Seeking out internal and external relationships in small towns

A long-term look at rural life concludes that some of the features that enhance life there also might hold it back:

The Rural Development Initiative Project team, led by sociology professor Terry Besser, has spent the past 20 years studying changes in the quality of life for 15,000 residents in 99 small towns in Iowa…

“Small towns often don’t have much in the way of financial resources,” Besser said. “If they’re able to marshal their social capital, they have a network of people they can call on who trust each other to get things done.” High social capital can mean better economic prosperity, cultural amenities, and high-quality public services.

The researchers have already found certain traits, that seem like they should be positive attributes, can actually be a potential weakness for small towns.

Besser says the feeling of belonging to a tight-knit community could result in excluding newer residents, thus closing off some outside ideas and resources and potentially stunting community growth and development.

Narrow leadership channels, through one person or family or organization, might help in the short term but also can discourage other residents from getting involved. Leaders who can work separately – and as a team – provide more effective, sustainable leadership according to the early study results.

While this comes from studying small towns, it could apply to many in-groups: they often face issues about how many resources should be devoted to building and maintaining internal solidarity versus engaging with outside groups and institutions. Being completely insular may not be ideal but neither might low levels of group togetherness where there is little cohesion. I suspect there is no “ideal level” of balance between these two purposes but rather a range of possible positive outcomes where communities could engage the outside world while also building themselves up.

Inequality reproduced in new NYC bike sharing program?

An early report from the new bike sharing program in New York City suggests it might be reproducing existing inequalities:

And yet this was hardly the most dispiriting aspect of the whole adventure. The line for helmets was very long, and yet few of the people I spoke to were actually residents of the Rutgers Houses or any of the neighboring public housing. I did, however, meet a svelte Argentine woman in running clothes who had come from the Upper East Side. There were also two young women who taught at Bard High School Early College and lived in brownstone Brooklyn, and a woman named Barbara Becker in the company of two sons who, she said when I inquired, attend Friends Seminary in Manhattan, where annual tuition is roughly 296 times the price of an expensive bike helmet (and 1,850 times the price of a helmet you can buy at Han’s Market, a convenience store next to the Clark Street kiosk that has quickly expanded its business from milk, soda and frozen foods to biking gear).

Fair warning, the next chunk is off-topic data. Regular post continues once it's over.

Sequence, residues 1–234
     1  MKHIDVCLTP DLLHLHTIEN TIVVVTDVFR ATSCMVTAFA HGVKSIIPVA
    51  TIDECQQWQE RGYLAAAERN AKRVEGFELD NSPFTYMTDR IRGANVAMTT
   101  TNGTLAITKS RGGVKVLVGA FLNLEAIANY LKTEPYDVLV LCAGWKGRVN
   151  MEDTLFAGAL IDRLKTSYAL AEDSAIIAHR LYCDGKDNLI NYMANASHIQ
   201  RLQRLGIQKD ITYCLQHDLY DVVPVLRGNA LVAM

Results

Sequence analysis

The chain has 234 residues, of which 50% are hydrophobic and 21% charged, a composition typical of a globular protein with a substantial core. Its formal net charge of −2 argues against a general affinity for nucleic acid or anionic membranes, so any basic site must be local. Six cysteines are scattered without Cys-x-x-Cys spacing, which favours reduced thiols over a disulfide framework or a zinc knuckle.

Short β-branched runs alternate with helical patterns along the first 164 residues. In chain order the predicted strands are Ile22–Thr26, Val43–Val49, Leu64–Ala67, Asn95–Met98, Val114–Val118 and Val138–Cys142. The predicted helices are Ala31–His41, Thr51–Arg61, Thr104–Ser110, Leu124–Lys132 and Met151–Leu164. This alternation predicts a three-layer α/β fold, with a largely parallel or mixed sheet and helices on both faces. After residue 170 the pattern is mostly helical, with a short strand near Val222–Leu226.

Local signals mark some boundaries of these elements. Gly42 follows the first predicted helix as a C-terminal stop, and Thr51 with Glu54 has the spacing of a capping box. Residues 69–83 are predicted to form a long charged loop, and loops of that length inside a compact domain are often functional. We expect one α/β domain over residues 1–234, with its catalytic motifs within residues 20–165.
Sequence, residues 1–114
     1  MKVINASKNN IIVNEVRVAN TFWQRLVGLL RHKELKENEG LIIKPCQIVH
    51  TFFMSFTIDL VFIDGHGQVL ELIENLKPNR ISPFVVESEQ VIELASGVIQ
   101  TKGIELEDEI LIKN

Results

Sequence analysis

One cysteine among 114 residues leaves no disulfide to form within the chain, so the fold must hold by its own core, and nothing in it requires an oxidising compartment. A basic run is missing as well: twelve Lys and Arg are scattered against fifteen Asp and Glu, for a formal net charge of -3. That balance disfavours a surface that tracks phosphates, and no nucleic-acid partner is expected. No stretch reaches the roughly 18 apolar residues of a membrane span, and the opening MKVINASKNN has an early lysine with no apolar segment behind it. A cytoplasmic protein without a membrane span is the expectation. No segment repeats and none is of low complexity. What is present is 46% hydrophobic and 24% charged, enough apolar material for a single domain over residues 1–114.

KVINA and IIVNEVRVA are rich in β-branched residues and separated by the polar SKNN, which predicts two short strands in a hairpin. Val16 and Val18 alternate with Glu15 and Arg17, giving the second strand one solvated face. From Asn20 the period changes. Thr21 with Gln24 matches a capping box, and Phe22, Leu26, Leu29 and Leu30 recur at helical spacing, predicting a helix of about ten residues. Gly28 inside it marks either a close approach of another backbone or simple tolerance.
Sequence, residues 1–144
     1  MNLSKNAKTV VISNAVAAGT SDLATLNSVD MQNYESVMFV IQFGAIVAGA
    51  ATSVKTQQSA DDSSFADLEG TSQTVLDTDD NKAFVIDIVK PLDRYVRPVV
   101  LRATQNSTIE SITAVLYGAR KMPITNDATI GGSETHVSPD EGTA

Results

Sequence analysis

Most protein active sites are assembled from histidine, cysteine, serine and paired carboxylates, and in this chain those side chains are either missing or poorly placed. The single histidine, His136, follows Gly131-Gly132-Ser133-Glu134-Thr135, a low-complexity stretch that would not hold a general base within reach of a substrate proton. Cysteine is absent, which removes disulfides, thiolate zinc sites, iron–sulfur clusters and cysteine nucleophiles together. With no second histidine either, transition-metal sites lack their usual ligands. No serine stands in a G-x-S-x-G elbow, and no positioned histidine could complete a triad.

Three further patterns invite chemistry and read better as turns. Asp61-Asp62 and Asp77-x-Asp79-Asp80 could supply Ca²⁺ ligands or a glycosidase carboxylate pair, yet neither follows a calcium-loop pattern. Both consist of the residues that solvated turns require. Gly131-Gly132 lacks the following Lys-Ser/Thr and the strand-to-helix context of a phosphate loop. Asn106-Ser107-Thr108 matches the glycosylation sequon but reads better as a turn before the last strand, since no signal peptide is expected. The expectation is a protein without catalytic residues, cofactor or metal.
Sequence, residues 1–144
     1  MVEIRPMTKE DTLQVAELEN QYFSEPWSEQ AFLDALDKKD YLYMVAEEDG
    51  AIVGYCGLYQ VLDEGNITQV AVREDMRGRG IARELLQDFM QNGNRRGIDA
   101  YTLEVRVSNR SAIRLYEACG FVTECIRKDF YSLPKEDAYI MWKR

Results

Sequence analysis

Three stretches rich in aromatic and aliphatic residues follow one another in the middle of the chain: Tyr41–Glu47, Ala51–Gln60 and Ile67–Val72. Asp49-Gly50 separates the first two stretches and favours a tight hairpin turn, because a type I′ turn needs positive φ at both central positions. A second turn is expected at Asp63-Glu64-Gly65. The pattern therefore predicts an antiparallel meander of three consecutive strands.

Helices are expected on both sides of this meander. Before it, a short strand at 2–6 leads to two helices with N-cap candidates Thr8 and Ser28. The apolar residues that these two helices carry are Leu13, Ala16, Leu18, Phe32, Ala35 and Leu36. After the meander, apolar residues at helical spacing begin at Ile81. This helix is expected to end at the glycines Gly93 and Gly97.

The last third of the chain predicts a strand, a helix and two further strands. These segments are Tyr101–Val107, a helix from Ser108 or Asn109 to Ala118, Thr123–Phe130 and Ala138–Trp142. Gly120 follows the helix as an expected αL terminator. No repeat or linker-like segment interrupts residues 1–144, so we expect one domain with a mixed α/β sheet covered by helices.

Raulo Jeffers did live in the Rutgers Houses, as he has for 38 years. He was waiting to get a helmet for a bike he already owned. The price of annual membership to Citi Bike is $95, but the city was giving a $35 discount to residents of public housing and other low-income New Yorkers. Even with the reduction, the price was too high, he believed. “People here don’t have a lot of money,” he said. Although more than 400,000 people live in the city’s public housing, only 200 people have signed up for the discounted membership, out of a total enrollment of more than 33,000, according to the Transportation Department. A spokesman for the department said that some public housing residents may have joined at the full price.

Another man in line, Alejandro Brown, a student from the South Bronx, said he was dismayed that the bike share program had not made it “above what I call the 96th Street border.”

It is still early in the program so these issues may still be ironed out. But, should we be too surprised when those who already have more social and economic capital are more in position to take advantage of a new program that also plays into middle- and upper-class sensibilities such as being green and getting exercise? For all of the talk of bike sharing in European cities, I haven’t seen much comment about how it interacts there with social inequalities. Perhaps this is a bigger issue all around…

A new kind of capital: “erotic capital”

Sociologists have written a lot about “economic, social, and cultural capital.” One sociologist suggests adding a new category: “erotic capital“:

Even some academics are waxing poetic about the hidden value of sexual prowess. Sociologist and London School of Economics professor Catherine Hakim, author of Erotic Capital: The Power of Attraction in the Boardroom and the Bedroom, believes that “erotic capital” is the fourth human asset, in addition to economic, social and cultural capital.

She defines it broadly as physical and social attractiveness, and says that flirting is one manifestation. “Charisma often includes flirting, when appropriate,” Hakim says, “and these days even CEOs are expected to display charisma.”

While the rest of this post is about “flirting gone wrong,” I wonder how other sociologists would view the idea of “erotic capital.” People have some control over their looks, particularly if they have money (which often enables better health care), but it is also predetermined. Additionally, there is pressure to conform to culturally-specific standards of beauty. All of us are socialized into particular patterns of attractiveness which could range from being well-mannered to flirtatious and dressy to roguish.

There are quite a few studies that discuss the effects of being attractive. I don’t recall Goffman’s dramaturgical work mentioning much about “physical or social attractiveness.” While such studies did account for power dynamics, certainly attractiveness plays some role in interaction. Can attractiveness be enough to overcome deficits in other areas of capital or would it be in fourth place in terms of importance about the types of capital?

How living in the city affects social behavior

Recent research and commentators have suggested that cities are greener and more innovative. This post from The Infrastructurist summarizes recent research on another possible outcome of interest for city residents: prosocial behavior.